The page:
Iran is suffering significantly due to increasing inflation and stagnant economic growth because of economic sanctions imposed by the United States.
What started as peaceful protests over gas prices in cities across Iran escalated into riots against a broad spectrum of issues in 29 of Iran’s 31 provinces (as of 5 December, 2019). Current estimates of deaths vary considerably, from 208 by Amnesty International to over 1000 reported by the U.S. State Department. The riots and the response of Iranian armed forces may have serious repercussions for the regime.
Some major strategic lessons can be garnered from observing the unfolding events in Iran. The U.S. government, to include the military, can analyze the impact of using the economic instrument of power to achieve strategic effects, including the second and third-order effects of sanctions in specific countries. This analysis requires observing and cataloguing events to ascertain how people react to policy decisions in real time and harnessing emotions to aid in accomplishing strategic goals.
Riot, Response, Repeat
The U.S. military must analyze the effects of economic competition in other countries, first to understand how to harness and guide policy for maximum effect, and second, to be able to identify and counter the effects if our near-peers try to use similar technique against us.
Iran adopted an openly anti-American disposition after the Shah of Iran lost control of the country and fled to America. Iran fell from an open, western style culture to a strict Islamic society hostile to most western philosophies. Sentiment within the country appears to be changing since the late 1990s when protests for more freedom started springing up. This latest round of protests could be the signal that Iran is reaching a major destabilization point. With public chants like “Return to Iran, the Shah of Iran!” and “Mullahs must get lost, down with Islamic regime of Iran!” it seems like the Iranian people may be fed up with hardline Islamic rule.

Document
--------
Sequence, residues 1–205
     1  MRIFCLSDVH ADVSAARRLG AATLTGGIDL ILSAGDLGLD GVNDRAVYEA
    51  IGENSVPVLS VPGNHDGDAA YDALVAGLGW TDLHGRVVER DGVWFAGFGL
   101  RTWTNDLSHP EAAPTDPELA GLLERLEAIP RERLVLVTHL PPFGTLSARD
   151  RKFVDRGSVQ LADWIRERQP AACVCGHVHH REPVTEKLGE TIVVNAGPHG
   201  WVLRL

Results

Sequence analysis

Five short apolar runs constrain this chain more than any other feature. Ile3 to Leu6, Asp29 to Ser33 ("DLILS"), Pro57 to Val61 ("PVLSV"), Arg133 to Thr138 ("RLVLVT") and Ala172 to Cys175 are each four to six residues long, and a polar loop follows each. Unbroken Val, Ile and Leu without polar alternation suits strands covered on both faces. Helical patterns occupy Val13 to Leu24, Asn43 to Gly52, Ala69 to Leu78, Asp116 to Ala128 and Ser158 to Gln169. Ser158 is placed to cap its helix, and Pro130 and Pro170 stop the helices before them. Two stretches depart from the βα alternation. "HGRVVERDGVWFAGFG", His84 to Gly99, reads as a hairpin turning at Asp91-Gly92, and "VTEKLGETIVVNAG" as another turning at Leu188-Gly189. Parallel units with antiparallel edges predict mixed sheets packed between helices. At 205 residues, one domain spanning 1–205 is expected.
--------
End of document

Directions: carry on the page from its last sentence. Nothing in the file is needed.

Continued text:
American economic efforts had a role to play in all of this. Iran is suffering significantly due to increasing inflation and stagnant economic growth because of economic sanctions imposed by the United States. The United States has applied various economic sanctions to countries around the world but has applied a “maximum pressure” strategy to Iran. The U.S. has repeatedly tried to reach out to Iran for diplomatic solutions to international concerns. Despite the recent events surrounding the drone strike on Qassem Soleimani, the U.S. has been reluctant to respond militarily to Iranian provocation, so the United States has opted for a strategy rooted in sanctions: cripple the Iranian economy through economic warfare.
As with the Hong Kong protests, which still plague the semi-autonomous state in China, the Iranian protests started with a singular issue and escalated into a broader protest. The Hong Kong protests grew from the introduction of a single piece of legislation and eventually transformed into a call for greater freedom from Beijing, among other demands. The Iranian protests began in earnest when the government announced it would be eliminating gasoline subsidies, resulting in increasing gas prices as much as 300%. Over time, however, the riots have evolved into a call for more freedom in Iran.